It is my understanding that the Affordable Care Act (ACA) forbids medical underwriting in the individual and group markets beginning in 2014. However, today, April 18, 2013, I attended a panel discussion of large group health insurance carriers , where representatives from Aetna, Anthem Blue Cross, CIGNA and Health Net all stated that they will continue to medically underwrite groups with 50 or more employees in 2014.
The Patient Protection and Affordable Care Act (ACA, Obamacare) reads as follows in Section 2705:
‘‘SEC. 2705. PROHIBITING DISCRIMINATION AGAINST INDIVIDUAL PARTICIPANTS AND BENEFICIARIES BASED ON HEALTH STATUS. ‘‘(a) IN GENERAL.—A group health plan and a health insurance issuer offering group or individual health insurance coverage may not establish rules for eligibility (including continued eligibility) of any individual to enroll under the terms of the plan or coverage based on any of the following health status-related factors in relation to the individual or a dependent of the individual:
- (1) Health status.
- (2) Medical condition (including both physical and mental illnesses).
- (3) Claims experience.
- (4) Receipt of health care.
- (5) Medical history.
- (6) Genetic information.
- (7) Evidence of insurability (including conditions arising out of acts of domestic violence).
- (8) Disability.
- (9) Any other health status-related factor determined appropriate by the Secretary.”
Note that the above text does not say “small group,” but “group” which applies to all employer groups.
The carrier reps at today’s presentation stated that the prohibition on medical underwriting only applies to small group (2-49 employees) and individual and family plans – not large groups (50+ employees.)
This makes no sense plus it is patently unfair.
Consider a large group that has employees who are pregnant, employees who have chronic illness and are generally unhealthy. Insurance companies will offer very high rates to these groups because of the poor health of the employees and dependents.
The large group carrier reps said that they cannot decline the business in 2014 but they can legally offer rates that are so high that it is effectively a declination. It seems to me that if medical underwriting is forbidden in the individual and small group markets that it should be forbidden in the large group market.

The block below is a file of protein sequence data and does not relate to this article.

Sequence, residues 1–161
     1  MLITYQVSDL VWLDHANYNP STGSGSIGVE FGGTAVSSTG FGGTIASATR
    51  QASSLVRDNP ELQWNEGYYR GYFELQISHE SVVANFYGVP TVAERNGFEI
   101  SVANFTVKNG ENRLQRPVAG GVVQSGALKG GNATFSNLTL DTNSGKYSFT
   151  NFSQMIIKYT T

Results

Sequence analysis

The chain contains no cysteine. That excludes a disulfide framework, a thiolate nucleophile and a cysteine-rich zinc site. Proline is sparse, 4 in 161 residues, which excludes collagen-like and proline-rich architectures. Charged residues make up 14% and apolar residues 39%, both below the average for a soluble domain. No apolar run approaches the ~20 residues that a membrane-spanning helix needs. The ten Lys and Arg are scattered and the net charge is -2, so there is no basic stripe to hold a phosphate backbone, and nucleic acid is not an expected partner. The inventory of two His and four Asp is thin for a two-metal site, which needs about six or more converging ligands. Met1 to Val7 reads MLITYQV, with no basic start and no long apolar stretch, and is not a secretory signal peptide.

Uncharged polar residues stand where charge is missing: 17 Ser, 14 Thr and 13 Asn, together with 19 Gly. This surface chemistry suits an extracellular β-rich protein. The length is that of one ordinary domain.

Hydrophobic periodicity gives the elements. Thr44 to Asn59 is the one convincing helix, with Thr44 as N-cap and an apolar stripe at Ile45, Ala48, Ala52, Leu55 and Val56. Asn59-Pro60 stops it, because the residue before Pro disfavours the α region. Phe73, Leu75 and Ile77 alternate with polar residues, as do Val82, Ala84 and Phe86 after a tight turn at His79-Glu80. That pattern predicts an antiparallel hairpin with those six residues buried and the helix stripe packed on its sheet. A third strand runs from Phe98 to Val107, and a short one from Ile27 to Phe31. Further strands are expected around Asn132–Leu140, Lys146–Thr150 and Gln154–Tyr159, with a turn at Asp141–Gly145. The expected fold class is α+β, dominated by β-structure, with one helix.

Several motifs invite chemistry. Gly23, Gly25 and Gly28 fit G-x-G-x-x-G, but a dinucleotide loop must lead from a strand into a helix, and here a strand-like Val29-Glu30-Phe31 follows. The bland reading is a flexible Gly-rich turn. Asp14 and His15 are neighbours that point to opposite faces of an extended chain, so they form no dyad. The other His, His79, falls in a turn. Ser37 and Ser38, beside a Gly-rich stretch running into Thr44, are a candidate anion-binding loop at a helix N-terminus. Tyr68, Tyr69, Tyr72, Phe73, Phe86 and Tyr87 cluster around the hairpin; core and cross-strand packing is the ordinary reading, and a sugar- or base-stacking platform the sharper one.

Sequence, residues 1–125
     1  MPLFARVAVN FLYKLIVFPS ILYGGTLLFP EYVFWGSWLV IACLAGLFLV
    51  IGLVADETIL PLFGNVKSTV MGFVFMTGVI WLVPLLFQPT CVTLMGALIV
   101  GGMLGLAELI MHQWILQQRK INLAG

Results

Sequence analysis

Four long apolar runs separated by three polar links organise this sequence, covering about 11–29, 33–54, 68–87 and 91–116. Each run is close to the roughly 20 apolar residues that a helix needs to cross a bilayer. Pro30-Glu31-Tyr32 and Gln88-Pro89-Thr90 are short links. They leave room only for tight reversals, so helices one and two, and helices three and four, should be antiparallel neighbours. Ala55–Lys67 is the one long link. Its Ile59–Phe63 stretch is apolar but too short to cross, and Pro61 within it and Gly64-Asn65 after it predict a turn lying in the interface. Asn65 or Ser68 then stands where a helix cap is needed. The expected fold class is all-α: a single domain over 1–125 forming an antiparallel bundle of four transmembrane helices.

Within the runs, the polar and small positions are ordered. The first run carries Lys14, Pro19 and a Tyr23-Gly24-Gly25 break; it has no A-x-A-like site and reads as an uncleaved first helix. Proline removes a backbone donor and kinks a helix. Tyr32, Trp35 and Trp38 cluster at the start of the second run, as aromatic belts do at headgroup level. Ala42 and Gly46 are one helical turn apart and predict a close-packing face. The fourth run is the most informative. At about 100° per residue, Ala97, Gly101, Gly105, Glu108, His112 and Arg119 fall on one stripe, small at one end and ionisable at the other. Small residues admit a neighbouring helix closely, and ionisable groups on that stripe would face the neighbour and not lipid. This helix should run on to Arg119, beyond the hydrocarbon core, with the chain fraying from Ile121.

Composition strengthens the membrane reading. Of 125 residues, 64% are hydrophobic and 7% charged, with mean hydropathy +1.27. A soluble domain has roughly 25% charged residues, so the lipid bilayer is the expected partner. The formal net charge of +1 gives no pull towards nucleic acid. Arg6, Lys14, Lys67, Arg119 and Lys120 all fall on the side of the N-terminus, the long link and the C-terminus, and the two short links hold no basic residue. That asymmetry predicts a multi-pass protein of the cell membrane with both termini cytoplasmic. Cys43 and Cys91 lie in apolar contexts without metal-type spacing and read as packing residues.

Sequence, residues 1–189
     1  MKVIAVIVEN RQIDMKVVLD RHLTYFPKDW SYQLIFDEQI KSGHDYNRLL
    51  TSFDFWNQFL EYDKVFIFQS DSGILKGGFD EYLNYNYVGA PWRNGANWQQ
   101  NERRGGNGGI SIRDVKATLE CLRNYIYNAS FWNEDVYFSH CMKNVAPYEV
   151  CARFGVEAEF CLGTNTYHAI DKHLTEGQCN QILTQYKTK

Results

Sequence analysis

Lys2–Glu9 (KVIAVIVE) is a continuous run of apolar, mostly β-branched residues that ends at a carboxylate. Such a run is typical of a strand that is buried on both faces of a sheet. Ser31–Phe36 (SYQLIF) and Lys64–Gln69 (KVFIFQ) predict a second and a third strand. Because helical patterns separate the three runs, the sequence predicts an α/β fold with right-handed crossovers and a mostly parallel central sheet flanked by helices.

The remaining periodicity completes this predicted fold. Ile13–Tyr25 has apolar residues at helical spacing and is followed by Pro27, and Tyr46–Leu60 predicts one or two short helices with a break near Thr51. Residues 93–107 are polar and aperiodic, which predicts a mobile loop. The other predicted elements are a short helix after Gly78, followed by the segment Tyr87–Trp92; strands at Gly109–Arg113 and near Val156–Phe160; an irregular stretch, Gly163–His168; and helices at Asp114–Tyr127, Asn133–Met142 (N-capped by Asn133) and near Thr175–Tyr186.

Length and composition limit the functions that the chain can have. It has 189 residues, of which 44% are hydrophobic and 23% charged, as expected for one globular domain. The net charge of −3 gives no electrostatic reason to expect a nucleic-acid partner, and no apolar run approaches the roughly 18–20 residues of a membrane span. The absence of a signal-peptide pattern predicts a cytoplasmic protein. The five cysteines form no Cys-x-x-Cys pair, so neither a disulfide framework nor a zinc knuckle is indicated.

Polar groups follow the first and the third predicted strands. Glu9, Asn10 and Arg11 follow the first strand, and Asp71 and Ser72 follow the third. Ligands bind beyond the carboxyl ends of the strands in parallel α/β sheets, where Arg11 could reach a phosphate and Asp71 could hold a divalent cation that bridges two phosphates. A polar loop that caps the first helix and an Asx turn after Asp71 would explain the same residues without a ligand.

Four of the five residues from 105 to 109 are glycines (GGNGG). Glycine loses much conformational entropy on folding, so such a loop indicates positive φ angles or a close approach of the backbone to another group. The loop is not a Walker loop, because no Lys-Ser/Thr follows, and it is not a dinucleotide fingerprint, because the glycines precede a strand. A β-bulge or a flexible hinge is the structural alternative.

According to the panelists, brokers must submit the same sort of bid package that we currently submit which includes:
- current and renewal rates;
- the number of claims over $5,000 or $10,000 in the prior year;
- number of pregnant employees;
- number of employees or dependents on COBRA; and
- other census information such as age, dependent status and home zip code of employees.
One carrier rep said that the underwriting guidelines will be more extensive in 2014 than they are currently. He characterized them as a “thick binder” of underwriting rules.
In my opinion, the existing process for obtaining quotes for large employers (51+) is extremely unfair to employers. For example, an insurance company demands to know the existing rates that an employer is paying for its current coverage and the renewal rates offered by the incumbent carrier.
I cannot name another industry where one must disclose the current price paid for a service before a vendor will bid. Of course the rates offered by competing carriers are very similar to the current rates. In fact, many insurance companies have internal rules that forbid them from lowering the rates more than 10% below the current or renewal rates.
Imagine that you want to build a building and you ask 3 contractors to bid on your project yet all of them require that you to tell them the bid price of your current contractor before they will offer their proposal. You would be at a very big disadvantage. This is the case when seeking bids for large group health insurance.
Smaller sized large groups (under 200 employees) can see their rates dramatically impacted by a single large claim. I have had clients whose renewal rates have increased by 30% because of a single major claim.
The ACA should set a level playing field so that all market sectors play by the same rules.